Montmartre is a famed hill you can see as one of the attractions in Paris
. It is 129 meters high and at the topmost part is the Basilica of Sacre Coeur, a famous church. It has been designated as a historical district, so no one is allowed to do anything to destroy its historic nature.
The name of this hill means the 'mountain of the martyr'; which applies to the martyrdom of Saint Denis, who was killed on it in 250 AD. Denis had been the Bishop of Paris at the time and is now considered France’s patron saint.
Famous Artists Associated with Montmartre
The hill has always been a popular location for artists to set up their easels to paint the local scenery. Many famous artists owned studios on or near Montmartre. Some of these include Salvador Dali, Claude Monet, Amedeo Modiglianai, Pablo Picasso, Piet Mondrian and Vincent van Gogh, as well as others who got inspiration from the area such as Pierre Brissaud, Henri Mastisse, Suzanne Valadon, Pierre Auguste Renoir, Henri de Toulouse Lautrec, and many more.
There was a commune there between 1904 and 1909 were artists Pablo Picasso and several other poor artists lived together and worked together.
Early history of Montmartre
The Montmartre area has been the scene of several historic occurrences. In 1590 the hills were used by Henry IV during the Siege of Paris so his artillery could fire from a higher vantage point to attack the city. Unfortunately for him, he was forced to withdraw so the city survived.
During the 18th and 19th centuries, gypsum mines were discovered in Montmartre, as well as fossils, such as a tooth found by the scientist Georges Cuvier.
In 1814 during the Battle of Paris, the Russians used the hill for a vantage point to invade Paris similar to the way it was used by Henry IV.
The hill wasn’t inside the Paris city limits, so they didn’t pay taxes. This made it quite popular for the locals to come to drink wine made by the area nuns and to dance and hold parties and festivals. This went on throughout the 19th and 20th century.
The mayor of Montmartre during part of this timeframe was future French statesman George Clemenceau.
Some of these included singing, dancing, and many performers like those in the Moulin Rouge cabaret or Le Chat Noir to name just two.
Best Features for Tourists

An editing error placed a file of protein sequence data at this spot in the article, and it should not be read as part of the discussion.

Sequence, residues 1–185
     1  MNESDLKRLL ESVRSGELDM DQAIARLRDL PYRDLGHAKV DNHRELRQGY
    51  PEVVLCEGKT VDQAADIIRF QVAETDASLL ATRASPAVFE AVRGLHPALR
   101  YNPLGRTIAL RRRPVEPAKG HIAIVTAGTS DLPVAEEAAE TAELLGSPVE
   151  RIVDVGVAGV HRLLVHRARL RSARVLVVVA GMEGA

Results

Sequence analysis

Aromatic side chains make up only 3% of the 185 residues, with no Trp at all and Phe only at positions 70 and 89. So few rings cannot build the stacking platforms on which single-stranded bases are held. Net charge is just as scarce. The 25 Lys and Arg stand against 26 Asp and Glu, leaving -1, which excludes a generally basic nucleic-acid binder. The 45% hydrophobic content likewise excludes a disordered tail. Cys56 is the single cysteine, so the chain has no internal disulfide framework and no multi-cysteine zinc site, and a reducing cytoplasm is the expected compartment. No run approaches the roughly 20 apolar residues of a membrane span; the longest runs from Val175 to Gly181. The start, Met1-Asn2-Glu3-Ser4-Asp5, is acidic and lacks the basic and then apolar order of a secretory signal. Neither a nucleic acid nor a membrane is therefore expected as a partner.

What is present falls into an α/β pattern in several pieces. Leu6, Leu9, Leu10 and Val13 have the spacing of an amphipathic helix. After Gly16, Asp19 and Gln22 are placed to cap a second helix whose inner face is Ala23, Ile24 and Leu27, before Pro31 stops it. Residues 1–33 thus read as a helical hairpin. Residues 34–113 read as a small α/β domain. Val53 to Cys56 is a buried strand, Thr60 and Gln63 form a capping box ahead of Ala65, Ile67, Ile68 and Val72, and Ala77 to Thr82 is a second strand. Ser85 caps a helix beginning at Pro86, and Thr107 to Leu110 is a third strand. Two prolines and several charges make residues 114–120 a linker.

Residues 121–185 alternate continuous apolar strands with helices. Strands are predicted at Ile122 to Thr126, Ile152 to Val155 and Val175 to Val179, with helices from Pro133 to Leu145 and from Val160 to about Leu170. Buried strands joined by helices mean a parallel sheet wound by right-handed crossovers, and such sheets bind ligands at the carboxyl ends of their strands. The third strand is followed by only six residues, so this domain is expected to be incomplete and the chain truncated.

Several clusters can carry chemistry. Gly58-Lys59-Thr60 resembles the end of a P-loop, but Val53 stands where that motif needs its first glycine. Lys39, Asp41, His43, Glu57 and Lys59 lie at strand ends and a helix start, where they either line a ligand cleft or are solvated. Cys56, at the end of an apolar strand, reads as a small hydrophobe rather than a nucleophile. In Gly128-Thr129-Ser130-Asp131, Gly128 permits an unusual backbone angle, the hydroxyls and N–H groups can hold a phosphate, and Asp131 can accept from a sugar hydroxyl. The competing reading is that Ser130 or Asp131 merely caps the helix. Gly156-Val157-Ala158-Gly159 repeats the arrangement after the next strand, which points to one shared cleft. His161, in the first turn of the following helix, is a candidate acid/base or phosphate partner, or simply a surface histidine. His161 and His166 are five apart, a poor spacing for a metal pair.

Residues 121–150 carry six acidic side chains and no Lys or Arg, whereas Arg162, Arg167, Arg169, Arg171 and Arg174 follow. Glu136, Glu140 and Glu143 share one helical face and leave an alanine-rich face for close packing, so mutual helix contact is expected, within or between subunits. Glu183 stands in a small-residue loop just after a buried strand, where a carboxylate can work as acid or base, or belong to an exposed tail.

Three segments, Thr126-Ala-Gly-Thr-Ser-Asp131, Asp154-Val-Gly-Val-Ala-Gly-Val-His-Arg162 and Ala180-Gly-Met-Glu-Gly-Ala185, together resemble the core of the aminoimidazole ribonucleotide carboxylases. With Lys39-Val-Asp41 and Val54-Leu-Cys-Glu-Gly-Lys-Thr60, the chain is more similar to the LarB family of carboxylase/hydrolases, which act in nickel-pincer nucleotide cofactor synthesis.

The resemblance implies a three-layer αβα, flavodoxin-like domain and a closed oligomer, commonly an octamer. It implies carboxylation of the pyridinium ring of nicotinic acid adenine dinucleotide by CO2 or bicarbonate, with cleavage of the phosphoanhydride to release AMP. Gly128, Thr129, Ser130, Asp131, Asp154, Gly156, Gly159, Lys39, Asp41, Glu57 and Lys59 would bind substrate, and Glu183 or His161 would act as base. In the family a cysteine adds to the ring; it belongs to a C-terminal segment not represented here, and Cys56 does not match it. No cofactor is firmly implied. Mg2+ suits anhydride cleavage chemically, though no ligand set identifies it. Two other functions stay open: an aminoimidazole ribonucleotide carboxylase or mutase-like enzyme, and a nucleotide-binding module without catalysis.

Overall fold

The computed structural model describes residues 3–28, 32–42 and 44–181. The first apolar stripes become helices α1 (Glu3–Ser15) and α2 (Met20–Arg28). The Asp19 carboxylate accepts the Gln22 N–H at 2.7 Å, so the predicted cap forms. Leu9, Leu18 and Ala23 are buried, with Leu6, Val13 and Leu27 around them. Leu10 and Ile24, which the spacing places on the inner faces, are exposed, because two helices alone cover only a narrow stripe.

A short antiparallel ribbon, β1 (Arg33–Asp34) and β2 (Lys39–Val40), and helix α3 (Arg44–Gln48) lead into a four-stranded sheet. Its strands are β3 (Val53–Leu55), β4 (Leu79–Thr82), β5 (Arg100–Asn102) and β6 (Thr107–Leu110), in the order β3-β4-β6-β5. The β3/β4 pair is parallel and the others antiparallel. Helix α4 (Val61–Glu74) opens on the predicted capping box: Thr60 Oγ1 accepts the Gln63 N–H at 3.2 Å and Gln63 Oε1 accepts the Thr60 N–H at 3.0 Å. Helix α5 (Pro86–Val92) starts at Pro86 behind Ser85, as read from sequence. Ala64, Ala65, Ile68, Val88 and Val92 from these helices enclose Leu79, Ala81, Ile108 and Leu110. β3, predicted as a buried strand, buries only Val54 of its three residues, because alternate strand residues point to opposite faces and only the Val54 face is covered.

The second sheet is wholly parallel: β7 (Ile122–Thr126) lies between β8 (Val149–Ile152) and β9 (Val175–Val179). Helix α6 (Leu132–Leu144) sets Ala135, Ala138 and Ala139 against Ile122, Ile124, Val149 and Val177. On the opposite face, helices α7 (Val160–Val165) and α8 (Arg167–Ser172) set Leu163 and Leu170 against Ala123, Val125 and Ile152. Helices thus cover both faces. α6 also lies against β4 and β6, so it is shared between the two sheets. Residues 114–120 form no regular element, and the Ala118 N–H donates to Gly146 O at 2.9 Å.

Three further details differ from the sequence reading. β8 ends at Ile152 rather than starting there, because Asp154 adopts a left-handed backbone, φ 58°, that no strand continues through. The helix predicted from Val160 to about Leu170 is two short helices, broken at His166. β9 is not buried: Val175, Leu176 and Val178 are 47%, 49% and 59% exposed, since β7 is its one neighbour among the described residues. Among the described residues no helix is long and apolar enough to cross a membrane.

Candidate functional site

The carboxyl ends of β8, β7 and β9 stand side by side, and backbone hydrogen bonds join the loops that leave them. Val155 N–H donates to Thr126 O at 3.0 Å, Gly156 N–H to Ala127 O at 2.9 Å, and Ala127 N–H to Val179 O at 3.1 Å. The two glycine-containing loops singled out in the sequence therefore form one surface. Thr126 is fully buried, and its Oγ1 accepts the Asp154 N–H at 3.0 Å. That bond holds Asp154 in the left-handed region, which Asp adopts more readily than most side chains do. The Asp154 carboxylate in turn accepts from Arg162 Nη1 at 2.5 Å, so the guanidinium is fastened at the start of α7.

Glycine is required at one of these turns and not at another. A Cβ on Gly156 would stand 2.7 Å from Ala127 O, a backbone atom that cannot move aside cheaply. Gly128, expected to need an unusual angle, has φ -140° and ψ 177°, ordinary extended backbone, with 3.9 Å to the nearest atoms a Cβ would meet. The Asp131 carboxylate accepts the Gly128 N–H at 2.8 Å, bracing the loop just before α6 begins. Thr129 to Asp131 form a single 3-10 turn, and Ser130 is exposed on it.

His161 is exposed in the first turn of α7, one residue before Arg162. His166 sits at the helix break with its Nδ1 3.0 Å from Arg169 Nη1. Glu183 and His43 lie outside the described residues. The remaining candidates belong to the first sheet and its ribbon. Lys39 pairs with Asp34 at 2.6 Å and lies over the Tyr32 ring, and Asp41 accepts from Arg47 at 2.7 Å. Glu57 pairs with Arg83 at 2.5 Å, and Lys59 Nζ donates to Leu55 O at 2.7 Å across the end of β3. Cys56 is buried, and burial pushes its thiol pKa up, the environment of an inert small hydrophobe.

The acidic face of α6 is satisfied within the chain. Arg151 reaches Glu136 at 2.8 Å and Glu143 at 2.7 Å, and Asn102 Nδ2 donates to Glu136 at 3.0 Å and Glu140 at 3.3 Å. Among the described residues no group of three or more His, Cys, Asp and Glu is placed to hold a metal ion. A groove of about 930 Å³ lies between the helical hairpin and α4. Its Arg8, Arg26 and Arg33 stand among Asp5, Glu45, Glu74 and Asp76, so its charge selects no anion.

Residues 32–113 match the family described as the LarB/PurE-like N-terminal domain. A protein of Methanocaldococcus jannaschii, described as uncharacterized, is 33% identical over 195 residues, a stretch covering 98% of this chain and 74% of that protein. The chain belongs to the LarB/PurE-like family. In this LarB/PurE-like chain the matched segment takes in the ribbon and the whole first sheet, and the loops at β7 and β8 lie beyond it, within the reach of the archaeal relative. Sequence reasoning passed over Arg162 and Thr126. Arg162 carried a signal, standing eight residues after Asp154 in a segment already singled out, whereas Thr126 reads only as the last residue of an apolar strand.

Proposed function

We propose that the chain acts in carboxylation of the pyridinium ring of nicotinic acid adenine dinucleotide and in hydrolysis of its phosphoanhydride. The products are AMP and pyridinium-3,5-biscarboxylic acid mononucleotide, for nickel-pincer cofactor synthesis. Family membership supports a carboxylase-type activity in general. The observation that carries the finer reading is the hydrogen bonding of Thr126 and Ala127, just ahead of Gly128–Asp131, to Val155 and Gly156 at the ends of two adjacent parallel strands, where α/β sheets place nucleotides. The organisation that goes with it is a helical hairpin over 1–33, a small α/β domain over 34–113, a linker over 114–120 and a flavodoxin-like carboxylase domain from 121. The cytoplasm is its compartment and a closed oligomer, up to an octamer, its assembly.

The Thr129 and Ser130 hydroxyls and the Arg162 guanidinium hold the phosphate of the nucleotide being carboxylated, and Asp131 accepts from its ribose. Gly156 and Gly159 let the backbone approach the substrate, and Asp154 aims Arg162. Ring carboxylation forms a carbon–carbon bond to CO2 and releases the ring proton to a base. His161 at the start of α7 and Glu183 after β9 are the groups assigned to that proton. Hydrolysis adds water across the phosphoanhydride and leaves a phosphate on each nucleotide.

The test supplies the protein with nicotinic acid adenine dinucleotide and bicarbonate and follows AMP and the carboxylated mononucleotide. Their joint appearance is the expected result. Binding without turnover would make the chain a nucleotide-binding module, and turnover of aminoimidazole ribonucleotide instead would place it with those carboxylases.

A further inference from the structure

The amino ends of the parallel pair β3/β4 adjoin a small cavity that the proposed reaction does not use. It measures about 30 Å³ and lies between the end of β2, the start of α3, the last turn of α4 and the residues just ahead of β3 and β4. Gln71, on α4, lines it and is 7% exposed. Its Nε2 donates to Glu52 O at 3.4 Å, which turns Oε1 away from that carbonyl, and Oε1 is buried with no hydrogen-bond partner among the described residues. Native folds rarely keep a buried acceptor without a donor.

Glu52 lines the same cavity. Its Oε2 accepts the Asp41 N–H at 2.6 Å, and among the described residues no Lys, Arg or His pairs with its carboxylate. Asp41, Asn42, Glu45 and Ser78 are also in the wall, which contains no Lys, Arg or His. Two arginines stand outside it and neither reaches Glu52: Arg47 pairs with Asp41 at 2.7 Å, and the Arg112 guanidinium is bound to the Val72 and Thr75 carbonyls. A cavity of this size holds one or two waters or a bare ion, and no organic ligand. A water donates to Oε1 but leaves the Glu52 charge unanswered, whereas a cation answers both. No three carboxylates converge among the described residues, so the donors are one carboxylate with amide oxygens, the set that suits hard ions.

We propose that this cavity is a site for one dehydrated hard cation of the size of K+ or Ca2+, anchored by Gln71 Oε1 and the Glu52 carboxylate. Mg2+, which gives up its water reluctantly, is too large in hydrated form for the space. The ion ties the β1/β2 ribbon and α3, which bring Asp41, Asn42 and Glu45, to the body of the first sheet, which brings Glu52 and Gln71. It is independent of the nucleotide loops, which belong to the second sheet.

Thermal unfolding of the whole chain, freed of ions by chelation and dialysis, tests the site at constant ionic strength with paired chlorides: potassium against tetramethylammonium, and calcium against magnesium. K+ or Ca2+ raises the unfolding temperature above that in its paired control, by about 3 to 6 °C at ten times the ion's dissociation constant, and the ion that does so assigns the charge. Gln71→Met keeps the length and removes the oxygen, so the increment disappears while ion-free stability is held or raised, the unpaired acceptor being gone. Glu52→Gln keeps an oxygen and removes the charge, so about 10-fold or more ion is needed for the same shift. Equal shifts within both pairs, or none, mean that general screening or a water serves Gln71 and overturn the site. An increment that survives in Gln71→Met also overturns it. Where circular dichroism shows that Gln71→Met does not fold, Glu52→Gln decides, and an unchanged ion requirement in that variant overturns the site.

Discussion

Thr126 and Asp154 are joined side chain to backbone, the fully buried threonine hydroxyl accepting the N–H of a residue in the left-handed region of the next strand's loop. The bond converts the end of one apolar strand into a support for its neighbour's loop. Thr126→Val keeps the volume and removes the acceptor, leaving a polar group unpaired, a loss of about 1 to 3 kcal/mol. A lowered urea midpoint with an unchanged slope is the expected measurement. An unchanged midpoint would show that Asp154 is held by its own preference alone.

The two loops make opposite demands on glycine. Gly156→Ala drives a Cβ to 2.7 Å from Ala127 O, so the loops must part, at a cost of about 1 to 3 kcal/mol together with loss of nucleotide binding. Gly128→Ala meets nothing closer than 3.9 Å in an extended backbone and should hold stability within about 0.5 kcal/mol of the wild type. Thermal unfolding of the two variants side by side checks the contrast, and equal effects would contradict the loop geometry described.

Some of the best features of the Montmartre are:
Basilica of Sacre Coeur
This famous church took 36 years to finish, and was built as a sign of remorse for the wrongdoings of the Paris Commune, a government uprising, and as a way to honor the French people killed in the Franco Prussian War in 1871. This beautiful church has a white dome that is a good landmark in Paris.
Saint Pierre de Montmartre
Another church on the hill is an older one which is said to be where the Jesuit order of priests got founded. It was built in 1147 and is an example of French Romanesque architecture.
One example of the vineyards in the area is a small one in the Rue Saint-Vincent, which still produces about 500 liters of wine a year.
Musée de Montmartre
This is the place painter Maurice Utrillo was living and working in his studio on the second floor.
Former home of Renoir
Other famous places on the hill include one of the oldest hotels in the area. It was previously the home of Pierre Auguste Renoir, and many other famous artists lived in it throughout the years.
Moulin de la Galette
The Moulin de la Galette is a famous windmill close to the top of the Montmarte. During the time of the famous artists of Paris it was a very popular restaurant where people also went dancing. It is seen in many old paintings by some of the French masters.
Boulevard de Clichy
An area near the hill that is full of various things like bars and kebab shops .
Scene of many famous films
Montmartre has also been the scene of several films, such as La Môme
, (La vie en rose
) which is about French singer Edith Piaf’s life and works, as well as Amelie, which is about a young women who is living in Paris
and looking for true love.